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Windows users interface with their computer through a graphical environment. Even system administrators interface with computers through a graphical environment. But it wasn't always that way. In the early days of computers, system administrators performed their tasks by typing DOS commands. They also wrote scripts, called "batch files", to perform system administration tasks. Even regular users had to know something about DOS in order to use a computer.
Unix and Linux systems also began as command line environments. Even today, Unix and Linux system administrators have a powerful command line environment that gives them capabilities well beyond that of a Windows system administrator.
Whereas Unix and Linux started out as multi-tasking operating systems, Windows started out as a single-task operating system. Although Windows versions 3.1 and earlier appeared to multi-task, they actually ran DOS programs cooperatively. Microsoft was embarassed about the fact that Windows was actually DOS in disguise. They could have developed a multi-tasking DOS, but that was contrary to Microsofts marketing strategy.
Whereas Unix and Linux system administrators could perform powerful tasks through a multi-tasking command-line environment, Windows system administrators had to use a convoluted combination of "Microsoft Management Consoles", Control Panel utilities, and DOS commands to perform tasks.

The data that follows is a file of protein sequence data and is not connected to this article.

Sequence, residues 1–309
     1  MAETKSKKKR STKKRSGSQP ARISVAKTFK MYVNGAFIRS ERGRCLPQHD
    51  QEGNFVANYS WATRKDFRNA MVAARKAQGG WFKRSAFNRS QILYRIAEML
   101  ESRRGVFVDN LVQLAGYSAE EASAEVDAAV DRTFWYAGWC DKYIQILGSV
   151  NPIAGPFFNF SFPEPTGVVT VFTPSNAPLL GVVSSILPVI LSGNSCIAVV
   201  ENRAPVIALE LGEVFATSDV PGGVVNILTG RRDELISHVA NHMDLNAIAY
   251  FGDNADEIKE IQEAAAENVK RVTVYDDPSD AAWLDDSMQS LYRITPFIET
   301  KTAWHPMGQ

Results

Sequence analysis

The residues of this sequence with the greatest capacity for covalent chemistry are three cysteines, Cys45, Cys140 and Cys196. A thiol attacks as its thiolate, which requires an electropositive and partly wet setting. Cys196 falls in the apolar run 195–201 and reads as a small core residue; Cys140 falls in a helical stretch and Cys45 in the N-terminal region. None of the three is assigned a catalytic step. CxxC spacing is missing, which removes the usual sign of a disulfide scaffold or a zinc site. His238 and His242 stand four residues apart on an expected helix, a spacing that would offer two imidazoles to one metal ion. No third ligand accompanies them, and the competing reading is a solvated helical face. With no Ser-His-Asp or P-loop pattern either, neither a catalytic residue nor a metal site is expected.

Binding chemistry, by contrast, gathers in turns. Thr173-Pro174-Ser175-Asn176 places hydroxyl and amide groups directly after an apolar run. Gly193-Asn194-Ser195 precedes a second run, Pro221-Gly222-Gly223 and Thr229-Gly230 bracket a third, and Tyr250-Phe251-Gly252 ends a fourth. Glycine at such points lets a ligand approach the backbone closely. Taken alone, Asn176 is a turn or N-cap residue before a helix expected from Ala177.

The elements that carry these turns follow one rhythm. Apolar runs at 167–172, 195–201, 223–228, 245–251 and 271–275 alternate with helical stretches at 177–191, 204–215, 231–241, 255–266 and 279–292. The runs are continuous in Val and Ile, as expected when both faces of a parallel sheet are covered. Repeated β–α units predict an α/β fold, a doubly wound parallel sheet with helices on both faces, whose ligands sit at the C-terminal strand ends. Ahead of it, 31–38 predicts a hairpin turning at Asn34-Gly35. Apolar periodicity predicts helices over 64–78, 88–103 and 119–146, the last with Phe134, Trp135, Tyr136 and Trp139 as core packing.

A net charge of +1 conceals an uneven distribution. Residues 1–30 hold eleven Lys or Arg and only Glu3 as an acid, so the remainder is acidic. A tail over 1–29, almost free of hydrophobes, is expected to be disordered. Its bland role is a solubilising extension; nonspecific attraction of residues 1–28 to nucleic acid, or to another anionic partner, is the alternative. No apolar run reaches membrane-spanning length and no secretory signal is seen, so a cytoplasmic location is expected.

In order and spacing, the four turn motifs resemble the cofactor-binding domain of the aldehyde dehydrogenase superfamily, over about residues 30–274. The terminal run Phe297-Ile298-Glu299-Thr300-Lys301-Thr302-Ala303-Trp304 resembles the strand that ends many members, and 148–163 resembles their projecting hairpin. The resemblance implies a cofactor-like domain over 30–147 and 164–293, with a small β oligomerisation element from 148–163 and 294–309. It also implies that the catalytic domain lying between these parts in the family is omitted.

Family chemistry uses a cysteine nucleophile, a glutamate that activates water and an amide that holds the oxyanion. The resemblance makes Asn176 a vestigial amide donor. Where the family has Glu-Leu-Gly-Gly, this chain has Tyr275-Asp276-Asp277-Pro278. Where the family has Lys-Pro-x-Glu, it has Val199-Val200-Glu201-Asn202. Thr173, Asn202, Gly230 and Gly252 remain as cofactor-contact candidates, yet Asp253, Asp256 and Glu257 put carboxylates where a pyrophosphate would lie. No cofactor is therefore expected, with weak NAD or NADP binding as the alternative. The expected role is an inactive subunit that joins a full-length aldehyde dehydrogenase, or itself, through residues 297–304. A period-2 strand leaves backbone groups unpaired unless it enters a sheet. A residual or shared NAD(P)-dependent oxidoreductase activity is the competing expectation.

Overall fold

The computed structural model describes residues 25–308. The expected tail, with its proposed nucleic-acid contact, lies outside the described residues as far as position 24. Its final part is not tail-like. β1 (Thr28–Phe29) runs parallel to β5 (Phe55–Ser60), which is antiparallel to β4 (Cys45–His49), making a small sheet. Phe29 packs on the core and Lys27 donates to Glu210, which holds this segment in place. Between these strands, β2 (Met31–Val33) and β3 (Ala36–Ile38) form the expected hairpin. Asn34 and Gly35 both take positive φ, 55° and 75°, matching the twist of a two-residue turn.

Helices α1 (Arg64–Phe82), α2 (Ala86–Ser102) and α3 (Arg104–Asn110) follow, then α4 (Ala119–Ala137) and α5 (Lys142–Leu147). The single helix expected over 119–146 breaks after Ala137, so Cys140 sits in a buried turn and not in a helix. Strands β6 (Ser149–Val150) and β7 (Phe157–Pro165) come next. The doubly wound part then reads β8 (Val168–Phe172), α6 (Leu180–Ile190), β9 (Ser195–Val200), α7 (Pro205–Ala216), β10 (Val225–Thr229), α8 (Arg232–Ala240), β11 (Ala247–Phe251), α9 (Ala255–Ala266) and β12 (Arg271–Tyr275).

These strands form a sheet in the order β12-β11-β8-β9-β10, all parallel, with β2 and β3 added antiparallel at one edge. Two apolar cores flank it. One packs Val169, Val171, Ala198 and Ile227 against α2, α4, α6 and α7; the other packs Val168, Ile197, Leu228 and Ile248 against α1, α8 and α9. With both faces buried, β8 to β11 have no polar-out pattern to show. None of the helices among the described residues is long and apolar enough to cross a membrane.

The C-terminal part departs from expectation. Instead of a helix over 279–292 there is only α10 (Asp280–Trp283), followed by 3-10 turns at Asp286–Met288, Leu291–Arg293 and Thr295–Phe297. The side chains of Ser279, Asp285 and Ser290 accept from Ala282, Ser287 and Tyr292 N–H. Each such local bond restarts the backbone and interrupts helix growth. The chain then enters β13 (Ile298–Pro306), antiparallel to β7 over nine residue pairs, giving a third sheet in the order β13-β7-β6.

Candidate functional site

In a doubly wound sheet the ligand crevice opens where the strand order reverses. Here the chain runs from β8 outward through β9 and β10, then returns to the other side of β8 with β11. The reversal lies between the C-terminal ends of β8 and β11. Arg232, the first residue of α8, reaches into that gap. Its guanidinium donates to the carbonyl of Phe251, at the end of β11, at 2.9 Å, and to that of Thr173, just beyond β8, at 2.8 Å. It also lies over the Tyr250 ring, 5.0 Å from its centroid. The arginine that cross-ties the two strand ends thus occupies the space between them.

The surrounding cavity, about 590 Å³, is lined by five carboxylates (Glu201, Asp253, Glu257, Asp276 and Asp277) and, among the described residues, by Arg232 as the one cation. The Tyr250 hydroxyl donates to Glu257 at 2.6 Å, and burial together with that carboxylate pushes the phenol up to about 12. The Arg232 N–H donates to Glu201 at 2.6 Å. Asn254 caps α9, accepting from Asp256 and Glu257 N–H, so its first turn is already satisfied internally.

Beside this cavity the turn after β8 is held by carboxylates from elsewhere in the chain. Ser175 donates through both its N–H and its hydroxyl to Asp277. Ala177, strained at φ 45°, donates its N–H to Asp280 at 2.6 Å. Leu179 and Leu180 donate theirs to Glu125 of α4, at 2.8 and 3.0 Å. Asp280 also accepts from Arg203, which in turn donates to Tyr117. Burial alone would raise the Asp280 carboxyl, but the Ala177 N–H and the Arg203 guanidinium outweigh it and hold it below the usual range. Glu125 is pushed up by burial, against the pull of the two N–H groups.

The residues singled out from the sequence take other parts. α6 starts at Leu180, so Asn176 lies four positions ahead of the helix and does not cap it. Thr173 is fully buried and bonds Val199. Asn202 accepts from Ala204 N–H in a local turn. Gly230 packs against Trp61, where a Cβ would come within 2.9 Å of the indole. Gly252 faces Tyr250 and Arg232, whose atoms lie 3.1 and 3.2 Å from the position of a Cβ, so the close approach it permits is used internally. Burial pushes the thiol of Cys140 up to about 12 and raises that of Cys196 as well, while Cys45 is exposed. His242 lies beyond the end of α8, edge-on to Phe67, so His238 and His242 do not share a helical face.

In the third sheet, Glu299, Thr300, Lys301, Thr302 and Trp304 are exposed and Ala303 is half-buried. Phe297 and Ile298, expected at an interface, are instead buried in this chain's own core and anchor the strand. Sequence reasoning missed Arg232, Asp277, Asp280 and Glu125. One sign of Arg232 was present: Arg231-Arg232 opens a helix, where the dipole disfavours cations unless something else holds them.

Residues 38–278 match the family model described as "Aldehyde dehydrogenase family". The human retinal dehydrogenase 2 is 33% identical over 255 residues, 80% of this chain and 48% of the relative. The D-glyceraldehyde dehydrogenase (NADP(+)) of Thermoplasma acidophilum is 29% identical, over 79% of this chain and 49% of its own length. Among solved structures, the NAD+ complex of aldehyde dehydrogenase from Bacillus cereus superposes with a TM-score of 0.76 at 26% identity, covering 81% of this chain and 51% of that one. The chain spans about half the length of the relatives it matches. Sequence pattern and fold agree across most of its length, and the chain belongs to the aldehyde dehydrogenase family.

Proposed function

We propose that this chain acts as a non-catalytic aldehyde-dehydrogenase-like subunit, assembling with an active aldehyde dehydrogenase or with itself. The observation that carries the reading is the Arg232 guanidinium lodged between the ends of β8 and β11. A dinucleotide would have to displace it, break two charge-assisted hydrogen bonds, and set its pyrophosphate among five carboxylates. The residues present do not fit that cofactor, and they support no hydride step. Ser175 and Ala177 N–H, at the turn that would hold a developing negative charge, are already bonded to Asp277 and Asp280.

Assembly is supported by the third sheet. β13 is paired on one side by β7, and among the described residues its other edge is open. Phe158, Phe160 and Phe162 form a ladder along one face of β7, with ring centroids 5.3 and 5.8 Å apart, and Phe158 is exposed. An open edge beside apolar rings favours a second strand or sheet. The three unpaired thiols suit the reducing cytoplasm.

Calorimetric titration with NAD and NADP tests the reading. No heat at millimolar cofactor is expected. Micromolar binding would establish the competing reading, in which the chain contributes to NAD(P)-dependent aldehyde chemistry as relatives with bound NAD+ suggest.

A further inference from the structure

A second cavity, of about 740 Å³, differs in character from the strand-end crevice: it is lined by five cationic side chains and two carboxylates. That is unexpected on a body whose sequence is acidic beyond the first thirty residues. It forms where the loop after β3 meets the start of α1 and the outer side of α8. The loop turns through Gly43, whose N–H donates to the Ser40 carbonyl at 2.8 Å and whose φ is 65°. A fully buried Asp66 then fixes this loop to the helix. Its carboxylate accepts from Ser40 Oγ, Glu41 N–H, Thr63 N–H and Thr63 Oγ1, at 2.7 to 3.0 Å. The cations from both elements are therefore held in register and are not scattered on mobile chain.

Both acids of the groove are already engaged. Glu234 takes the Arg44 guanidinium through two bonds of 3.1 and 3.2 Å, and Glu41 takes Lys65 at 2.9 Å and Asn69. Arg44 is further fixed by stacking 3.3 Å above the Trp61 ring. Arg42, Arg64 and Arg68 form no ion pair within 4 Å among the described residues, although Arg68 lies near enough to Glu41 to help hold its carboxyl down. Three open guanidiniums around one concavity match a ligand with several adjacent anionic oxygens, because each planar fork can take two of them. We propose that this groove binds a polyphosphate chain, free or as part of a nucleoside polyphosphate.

In the early days, computers had limited speed and capabilities. In order to get programs to run at a reasonable speed, they had to be "compiled" into machine code. Machine code is basically the binary ones and zeros that computers understand.
Today's computers are much more powerful. Much of today's programming is written as scripts. Scripts are text files. When we execute a script, instead of giving the computer Machine code, we pass the script to an "interpreter" program that creates the machine code on the fly. The most common use of scripts is on webpages. The script code can be typed directly into the webpage and then can be executed, or interpreted, any time after the webpage is loaded.
With Windows 2000 and higher, Microsoft included a program called "Windows Scripting Host" (WSH) that allows scripts to be run on a computer outside of a webpage. In effect, DOS batch files have returned, except scripts are multi-tasking and have a lot more power.
Scripts are simply text files. To create them all you need is a simple text editor like Windows Notepad. You have to choose which language you will use to write your script. You can use any language for which an interpreter has been installed. Interpreters for VBScript and Java Script (called JScript on Windows) are installed by default.
VBScript is the easiest language to learn, but it's Microsoft proprietary. If VBScript is all you know, outside of Windows and Internet Explorer you will be programming illiterate. Java Script has a terse syntax similar to C++ (but without the problem causing pointers). People from outside the Windows world prefer to use Java Script because it works virtually everywhere.
If you write in VBScript, you save the file with a ".vbs" extension. If you write in Java Script, you save the file with a ".js" extension. When you double-click on a filename with a .vbs or .js file extension, the WSH creates a "script object" and passes the script to the appropriate interpreter based on the file extension.